You may have heard the term "road rage." But now there's much kinder, gentler behavior that might be called "road romance."
"Road rage" refers to angry encounters on the highway that too often lead to tragic results. Road romance, on the other hand, has to do with the age-old custom of flirting with the opposite sex. This time, with a distinctly automotive twist.
It's not unusual for a person to pull up to a traffic light, glance to the left or right, and see a really interesting-looking person -- handsome or beautiful, perhaps. Or possessed of a certain twinkle.
If this were a bar or even an office setting, eye contact might lead to a pleasant "hello," an exchange of phone numbers that leads to a date, or even a longer-term, satisfying relationship. But in traffic, how do you say, "I'd like to get to know you"? It's unlikely that you'll roll down your window and strike up a friendship right there from a separate car on a busy road. The light changes, and there goes your shot at fate.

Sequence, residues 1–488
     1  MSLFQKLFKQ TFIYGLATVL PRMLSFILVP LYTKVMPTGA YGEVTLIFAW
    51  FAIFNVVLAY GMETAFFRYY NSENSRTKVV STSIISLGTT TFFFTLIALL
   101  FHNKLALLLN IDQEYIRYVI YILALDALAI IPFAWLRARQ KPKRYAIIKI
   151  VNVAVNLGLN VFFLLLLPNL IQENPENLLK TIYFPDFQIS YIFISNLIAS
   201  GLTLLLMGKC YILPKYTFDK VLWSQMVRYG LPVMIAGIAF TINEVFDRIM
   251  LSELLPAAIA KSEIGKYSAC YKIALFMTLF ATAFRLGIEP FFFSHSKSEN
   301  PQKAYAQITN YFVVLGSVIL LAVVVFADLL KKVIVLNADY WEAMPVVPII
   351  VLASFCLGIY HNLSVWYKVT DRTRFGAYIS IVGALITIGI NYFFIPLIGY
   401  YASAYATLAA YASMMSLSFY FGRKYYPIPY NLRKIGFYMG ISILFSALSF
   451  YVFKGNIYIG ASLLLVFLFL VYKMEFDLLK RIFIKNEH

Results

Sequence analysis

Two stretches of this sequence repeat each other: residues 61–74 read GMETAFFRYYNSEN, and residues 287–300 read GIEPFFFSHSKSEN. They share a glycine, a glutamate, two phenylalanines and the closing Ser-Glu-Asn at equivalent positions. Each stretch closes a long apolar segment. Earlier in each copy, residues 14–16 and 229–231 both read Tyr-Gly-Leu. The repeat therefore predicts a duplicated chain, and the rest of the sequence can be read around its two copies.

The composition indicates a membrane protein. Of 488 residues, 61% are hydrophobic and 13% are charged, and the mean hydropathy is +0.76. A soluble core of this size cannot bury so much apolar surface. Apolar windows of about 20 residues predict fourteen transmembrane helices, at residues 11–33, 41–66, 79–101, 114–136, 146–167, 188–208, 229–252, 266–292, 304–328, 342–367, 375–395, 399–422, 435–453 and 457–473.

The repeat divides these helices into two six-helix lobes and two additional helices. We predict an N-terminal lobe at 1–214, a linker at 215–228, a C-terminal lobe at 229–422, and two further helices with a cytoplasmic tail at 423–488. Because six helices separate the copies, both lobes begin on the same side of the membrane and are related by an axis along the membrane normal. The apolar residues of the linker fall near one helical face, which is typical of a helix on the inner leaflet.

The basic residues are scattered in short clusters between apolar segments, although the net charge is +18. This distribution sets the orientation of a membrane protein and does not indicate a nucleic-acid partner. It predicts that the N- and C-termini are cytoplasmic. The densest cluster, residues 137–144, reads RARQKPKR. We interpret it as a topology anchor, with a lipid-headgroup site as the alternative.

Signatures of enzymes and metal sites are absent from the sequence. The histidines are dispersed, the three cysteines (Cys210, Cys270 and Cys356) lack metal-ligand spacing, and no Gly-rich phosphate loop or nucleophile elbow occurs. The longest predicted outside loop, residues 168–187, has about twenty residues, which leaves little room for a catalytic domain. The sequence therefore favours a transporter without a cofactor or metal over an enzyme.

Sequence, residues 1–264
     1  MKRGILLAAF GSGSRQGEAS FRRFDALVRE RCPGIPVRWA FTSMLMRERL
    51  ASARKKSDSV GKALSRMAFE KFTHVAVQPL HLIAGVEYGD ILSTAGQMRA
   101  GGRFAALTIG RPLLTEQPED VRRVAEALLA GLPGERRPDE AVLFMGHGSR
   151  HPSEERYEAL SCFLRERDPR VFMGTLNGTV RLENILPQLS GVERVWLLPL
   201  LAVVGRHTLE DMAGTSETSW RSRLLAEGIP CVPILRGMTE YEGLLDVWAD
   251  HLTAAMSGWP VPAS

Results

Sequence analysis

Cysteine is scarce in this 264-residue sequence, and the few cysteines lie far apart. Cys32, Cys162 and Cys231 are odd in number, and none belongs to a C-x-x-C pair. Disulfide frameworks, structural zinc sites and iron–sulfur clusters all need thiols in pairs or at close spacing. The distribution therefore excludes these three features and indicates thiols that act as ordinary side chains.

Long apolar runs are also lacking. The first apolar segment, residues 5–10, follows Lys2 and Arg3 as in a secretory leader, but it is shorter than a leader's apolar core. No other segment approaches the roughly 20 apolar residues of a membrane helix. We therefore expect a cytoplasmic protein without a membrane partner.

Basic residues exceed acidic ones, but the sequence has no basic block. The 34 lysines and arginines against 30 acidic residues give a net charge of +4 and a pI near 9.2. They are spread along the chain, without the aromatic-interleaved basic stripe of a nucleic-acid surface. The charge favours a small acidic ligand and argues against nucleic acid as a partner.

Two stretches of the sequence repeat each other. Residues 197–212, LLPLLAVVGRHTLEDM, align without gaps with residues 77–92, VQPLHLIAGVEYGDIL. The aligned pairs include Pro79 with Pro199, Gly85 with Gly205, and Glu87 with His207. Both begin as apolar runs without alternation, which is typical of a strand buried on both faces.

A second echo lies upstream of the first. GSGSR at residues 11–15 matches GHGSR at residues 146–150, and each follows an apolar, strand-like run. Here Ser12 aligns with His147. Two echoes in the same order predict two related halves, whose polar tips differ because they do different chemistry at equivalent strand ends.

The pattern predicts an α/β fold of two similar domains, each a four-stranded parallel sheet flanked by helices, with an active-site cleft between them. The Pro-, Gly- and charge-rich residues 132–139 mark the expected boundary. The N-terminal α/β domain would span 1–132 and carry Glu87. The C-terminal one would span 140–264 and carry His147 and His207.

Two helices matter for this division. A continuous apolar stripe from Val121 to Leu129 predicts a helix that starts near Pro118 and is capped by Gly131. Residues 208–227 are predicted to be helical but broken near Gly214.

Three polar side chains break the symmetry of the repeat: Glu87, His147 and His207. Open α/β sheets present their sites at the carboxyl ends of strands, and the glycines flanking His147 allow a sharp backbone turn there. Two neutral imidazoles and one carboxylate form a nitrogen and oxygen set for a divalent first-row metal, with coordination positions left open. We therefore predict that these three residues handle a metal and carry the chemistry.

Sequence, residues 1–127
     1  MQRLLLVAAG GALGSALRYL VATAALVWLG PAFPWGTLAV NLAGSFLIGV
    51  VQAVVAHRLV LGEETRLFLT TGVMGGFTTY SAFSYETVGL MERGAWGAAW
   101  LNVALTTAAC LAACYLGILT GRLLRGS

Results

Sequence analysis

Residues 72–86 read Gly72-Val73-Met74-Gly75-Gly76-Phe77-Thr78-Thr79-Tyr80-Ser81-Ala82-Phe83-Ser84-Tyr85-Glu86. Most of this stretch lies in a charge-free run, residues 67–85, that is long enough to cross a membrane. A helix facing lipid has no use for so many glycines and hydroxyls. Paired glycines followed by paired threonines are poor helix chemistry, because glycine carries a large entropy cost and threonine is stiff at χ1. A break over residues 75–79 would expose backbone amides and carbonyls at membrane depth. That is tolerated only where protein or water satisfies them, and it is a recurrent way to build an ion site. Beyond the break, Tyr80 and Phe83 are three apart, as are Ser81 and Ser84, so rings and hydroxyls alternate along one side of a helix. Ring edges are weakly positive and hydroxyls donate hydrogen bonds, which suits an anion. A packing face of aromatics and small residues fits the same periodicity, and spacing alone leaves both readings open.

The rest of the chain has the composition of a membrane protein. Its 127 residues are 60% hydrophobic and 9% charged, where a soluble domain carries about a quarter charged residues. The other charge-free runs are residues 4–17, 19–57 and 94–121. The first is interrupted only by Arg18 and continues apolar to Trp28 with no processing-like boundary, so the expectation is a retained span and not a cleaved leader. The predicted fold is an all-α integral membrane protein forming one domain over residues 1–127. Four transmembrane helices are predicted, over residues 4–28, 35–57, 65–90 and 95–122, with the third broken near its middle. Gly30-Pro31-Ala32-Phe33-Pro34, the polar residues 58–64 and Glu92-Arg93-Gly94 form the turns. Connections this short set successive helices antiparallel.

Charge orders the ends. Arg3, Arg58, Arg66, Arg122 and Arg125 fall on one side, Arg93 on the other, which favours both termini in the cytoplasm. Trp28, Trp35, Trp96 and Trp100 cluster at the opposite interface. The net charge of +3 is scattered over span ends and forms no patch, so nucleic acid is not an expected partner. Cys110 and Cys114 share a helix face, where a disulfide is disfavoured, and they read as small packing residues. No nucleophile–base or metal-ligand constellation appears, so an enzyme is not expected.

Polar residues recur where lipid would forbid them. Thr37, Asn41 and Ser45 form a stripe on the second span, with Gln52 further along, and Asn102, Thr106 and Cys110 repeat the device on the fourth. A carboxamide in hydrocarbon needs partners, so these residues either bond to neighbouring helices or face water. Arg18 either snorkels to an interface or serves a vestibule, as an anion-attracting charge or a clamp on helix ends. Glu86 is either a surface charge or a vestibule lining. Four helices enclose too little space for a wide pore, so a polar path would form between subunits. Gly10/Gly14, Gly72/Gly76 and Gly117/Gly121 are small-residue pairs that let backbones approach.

But now there's an answer. It's a step beyond Internet dating sites and color-coded bracelets that are supposed to signal, "I'm available."
Americans on the look-out for love can now slap a maroon sticker on their cars' side panels, imprinted with their personal "flirting ID," as it's called. It's a simple number, like PA123. The driver who spots someone intriguing simply remembers that number and checks the person out later on the "Flirting in Traffic" Web site. There, he or she will find details about Mr. or Ms. Wonderful, and can initiate contact.
Road romance. An intriguing idea with a cautionary note: One hopes that the smitten driver does not have to scramble for a piece of paper on which to WRITE DOWN the "Flirting ID" number, and end up, quite literally, dying to meet someone.